Monday, January 30, 2012

No Wonder Job Seekers Are Confused: Part 3

This is the third post in a series refuting an article in Bloomberg Business on: "Five Out-Of-Date Job Search Tactics". (You can feel free to weigh in using the Comments section below, and check out yesterday's post on "Creaky Cover Letter Language" here.)

They say: (Saying) "Here's Why You Should Hire Me" is out-of-date.

Last Friday night, on the ABC show, "Shark Tank," all five "Sharks" (potential investors) made an important point to the gentleman pitching his company, Salespreneur. (Dave Greco)

Daymond John asks the pitchman (who is supposedly a master salesman) to "sell me this pen." The guy does so, for about 20 seconds, but quickly turns his attention to asking for an investment. Daymon John interrupts him and asks him again to finish his "pen pitch." He does, but forgets to ask for the order! The sharks were quick to point this out to him. 

Not only is the third point in this the Bloomberg article confusing, but it's also missing an important distinction for job seekers. Companies need great employees just as much as employees need jobs. It's often been said that interviews are a lot like dates -- you're looking for a "match." In the interview, the interviewer is getting to know the candidate better, especially how the prospective employee will "fit" into the company. But it's not a one-sided conversation. The job seeker is also assessing the interviewer and the company. If that's not done by sussing out qualifications (on both sides), what's the point?

Which leads to the next statement in the article. I agree with this: "People get hired when a hiring manager believes, intellectually and emotionally, that the person sitting in front of him or her can do the job."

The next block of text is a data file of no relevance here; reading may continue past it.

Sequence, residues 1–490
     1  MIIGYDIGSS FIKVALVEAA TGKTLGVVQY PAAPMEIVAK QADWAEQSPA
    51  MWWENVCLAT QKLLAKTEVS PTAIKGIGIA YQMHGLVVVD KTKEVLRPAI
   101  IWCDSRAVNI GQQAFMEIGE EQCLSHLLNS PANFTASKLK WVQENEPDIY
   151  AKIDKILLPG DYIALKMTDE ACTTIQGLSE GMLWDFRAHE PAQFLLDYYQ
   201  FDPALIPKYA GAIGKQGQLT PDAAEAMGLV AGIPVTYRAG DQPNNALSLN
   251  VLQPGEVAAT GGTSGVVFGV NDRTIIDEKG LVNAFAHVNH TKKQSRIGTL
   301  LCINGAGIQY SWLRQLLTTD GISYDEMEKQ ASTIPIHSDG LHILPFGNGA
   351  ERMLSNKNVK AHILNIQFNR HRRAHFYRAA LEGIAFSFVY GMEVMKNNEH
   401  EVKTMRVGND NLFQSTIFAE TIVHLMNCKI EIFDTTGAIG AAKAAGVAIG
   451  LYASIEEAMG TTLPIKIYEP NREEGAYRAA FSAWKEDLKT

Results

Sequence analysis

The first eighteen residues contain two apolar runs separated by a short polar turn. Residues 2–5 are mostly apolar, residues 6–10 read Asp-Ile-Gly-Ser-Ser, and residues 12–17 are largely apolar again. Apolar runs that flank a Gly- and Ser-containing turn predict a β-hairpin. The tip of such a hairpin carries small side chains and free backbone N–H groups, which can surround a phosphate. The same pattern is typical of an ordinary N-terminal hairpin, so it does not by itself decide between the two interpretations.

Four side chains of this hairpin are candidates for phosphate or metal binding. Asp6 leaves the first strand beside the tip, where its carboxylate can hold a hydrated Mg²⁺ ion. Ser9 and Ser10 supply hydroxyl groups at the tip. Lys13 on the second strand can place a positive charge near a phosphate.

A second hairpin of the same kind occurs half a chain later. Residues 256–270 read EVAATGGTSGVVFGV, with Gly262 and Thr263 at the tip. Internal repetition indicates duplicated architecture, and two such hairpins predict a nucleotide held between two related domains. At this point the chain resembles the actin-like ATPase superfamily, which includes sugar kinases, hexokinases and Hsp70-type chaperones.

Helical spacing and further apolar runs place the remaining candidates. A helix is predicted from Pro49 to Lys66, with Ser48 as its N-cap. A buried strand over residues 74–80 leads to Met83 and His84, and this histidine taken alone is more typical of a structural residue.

But then the whole rest of the section is about how job seekers shouldn't "grovel and beg" for a job? What? Since when is presenting your qualifications "groveling"? In surveys of pet peeves of hiring managers, not once have I read, "Applicant presented his/her qualifications and then asked for the job." 

In more than 15 years in the careers industry, I've read hundreds of books on the job search. The author claims that "tons of job-search books and articles (nonetheless) encourage job-seekers to grovel and beg." Funny, I've never once read about that in a job search book.

I've also never seen a book with an idea that a thank you note to follow up to an interview should include "10 reasons you should hire me" -- but a cover letter that matches up the job requirements with the applicant qualifications  can be quite effective. I certainly don't equate that with "mewl(ing) and beg(ging) for a job."

And what about this line: "We never, ever want to construct lists of reasons an employer should hire us." First off, the use of "always" and "never" in an article are usually a red flag -- flexibility is required when considering tactics in a job search. (While I wouldn't recommend mailing a single shoe to a job interviewer with the cheesy "I wanted to get a foot in the door" line, the fact is, the tactic has worked for at least one job seeker. As Justin Bieber says, "Never say never.")

I agree that "If the reasons to hire don't come through in an interview, you've already missed the boat." But I'd also say that if the job seeker walks out of an interview without expressing sincere interest in the job, that's a missed opportunity. Companies want to hire people who want to work for them. (If they don't ask for the next step in the interview process, that's a missed opportunity too.)

Tomorrow: "Endless Bullets."

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